Put the warm hide near the lights, preferably in a basking spot. This way, your leo has a spot to digest or get warm. Put a cool spot together where your gecko can go to rest and cool off if it gets warm. You can put this in the cool zone of the tank.
Some good ideas include a hide box that looks natural. You can buy them in shapes of rocks, or you can construct one of your own. Some good ones include terra cotta pots, sanitized pieces of bark, and other similar objects.
Moist Hides: What to Do
A moist hide, sometimes called a shedding hide, is another useful thing your gecko needs that will prevent him from digging out of frustration or stress.
This hideout will be filled with a substrate that holds moisture as a means of increasing humidity. It makes an excellent place for your gecko to hide out, cool off, and shed his skin faster.
You can spray in some water to get the humidity up. Leos don’t need lots of it as they are desert creatures in nature. Therefore, it is a good idea to increase humidity in just one spot by adding water to a shedding box.
A right shed box is a rock cave, or you can even use a fun reptile-approved ornament. A replica dinosaur skull made for reptile habitats is one fun example.
These hideouts should be kept in the center of the tank, as it provides a place that is not too hot and not too cold for your leo to shed as comfortably as possible.
Having A Safe Place to Lay Eggs
Another reason you might find your leo digging is because SHE is getting ready to lay eggs.
Your female will be looking around for a moist hide in which to lay her eggs. It will keep herself and her eggs safe, and her body temp in a good spot. If you do not have a moist hide, she will dig around wherever she thinks is an excellent place to lay eggs.
It is a simple fix-all you have to do is provide a good substrate that is moist so she can feel comfortable about laying the eggs. After all, failure to provide the correct substrate could result in the eggs becoming bound inside of the female.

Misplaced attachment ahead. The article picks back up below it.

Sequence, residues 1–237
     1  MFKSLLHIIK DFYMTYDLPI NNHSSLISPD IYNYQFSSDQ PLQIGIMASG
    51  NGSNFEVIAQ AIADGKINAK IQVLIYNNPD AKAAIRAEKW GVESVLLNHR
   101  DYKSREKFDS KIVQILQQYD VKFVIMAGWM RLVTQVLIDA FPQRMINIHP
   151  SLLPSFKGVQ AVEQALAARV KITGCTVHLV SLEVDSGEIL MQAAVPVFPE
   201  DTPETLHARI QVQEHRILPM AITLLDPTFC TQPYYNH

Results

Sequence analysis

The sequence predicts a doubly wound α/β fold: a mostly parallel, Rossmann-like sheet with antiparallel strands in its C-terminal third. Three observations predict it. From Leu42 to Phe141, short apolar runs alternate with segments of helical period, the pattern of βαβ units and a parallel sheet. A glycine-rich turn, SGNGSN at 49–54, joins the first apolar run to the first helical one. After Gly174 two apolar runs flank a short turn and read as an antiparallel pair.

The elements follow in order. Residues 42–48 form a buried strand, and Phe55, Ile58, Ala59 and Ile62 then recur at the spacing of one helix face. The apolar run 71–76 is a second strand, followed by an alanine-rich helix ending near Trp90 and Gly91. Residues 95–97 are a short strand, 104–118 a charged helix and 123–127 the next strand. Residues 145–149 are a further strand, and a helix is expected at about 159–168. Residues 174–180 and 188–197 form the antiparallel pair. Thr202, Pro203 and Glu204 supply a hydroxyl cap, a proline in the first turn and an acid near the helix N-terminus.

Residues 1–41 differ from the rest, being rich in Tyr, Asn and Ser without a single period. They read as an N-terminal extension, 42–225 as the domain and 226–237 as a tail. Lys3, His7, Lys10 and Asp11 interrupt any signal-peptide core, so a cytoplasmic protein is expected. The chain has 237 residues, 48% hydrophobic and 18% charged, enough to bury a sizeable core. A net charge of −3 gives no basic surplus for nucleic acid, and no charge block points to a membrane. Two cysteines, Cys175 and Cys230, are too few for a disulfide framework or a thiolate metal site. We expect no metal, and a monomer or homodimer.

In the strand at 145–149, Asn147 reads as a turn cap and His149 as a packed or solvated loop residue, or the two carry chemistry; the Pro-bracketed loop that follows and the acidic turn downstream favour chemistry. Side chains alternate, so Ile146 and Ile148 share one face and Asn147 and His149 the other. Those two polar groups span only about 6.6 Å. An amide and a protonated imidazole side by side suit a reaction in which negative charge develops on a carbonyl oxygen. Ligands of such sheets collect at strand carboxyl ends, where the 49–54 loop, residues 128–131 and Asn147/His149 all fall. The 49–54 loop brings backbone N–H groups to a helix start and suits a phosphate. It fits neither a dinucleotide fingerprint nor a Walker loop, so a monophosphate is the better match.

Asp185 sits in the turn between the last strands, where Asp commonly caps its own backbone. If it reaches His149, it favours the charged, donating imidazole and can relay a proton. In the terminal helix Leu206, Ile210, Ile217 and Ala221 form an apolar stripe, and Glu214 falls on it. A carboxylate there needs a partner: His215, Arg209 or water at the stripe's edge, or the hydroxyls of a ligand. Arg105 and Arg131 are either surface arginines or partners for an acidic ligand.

Even if you do not breed your leo, it is important to understand that female leopard geckos can lay eggs even when there is not a male gecko around.
Even though the eggs will not be fertile, you should still provide a place to comfortably lay the eggs so that she doesn’t undergo any undue stress.
Another reason you might find your gecko digging around in the dirt is because of their need to hide from predators. You certainly will not have any predators in the tank, but there are perceived threats for your gecko.
For example, young children who come around and reach their hands into the tank or family members that don’t understand how to handle a gecko properly may make them feel nervous.
Pets, such as cats, may also make your gecko feel nervous. Cats may bat at the tank or attempt to reach inside to play with the gecko, so if your reptile sees them coming, they may begin to dig as a means of escape.
Of course, your goal is to keep your gecko stress-free. Provide those hides, and make sure others do not attempt to handle or play with your leopard gecko unless you can watch them. It will keep everybody involved safe and free of undue stress.
By the way, Leopard geckos can also get stressed by other leopard geckos. In fact, housing two leopard geckos together can be one of the most stressful things for the animals. We explain why here!
Check Your Tank
The first thing to do if you see your gecko digging is to make sure everything is in order. Make sure the temps are good, ensure you have the hides needed, and make sure your gecko is free of stress.
Make sure they are eating enough, drinking enough, and offer some playtime each day. If all these are corrected and you still find they keep on digging, schedule a vet visit right away. Watch your gecko each day so you can notice immediately any changes in behavior.
A stress-free environment that is comfortable and well-stocked with food, water, and plenty of hides-not to mention clean, will be satisfactory for your gecko. Stay up on cleaning, feeding, and tank conditions, and your gecko should not dig.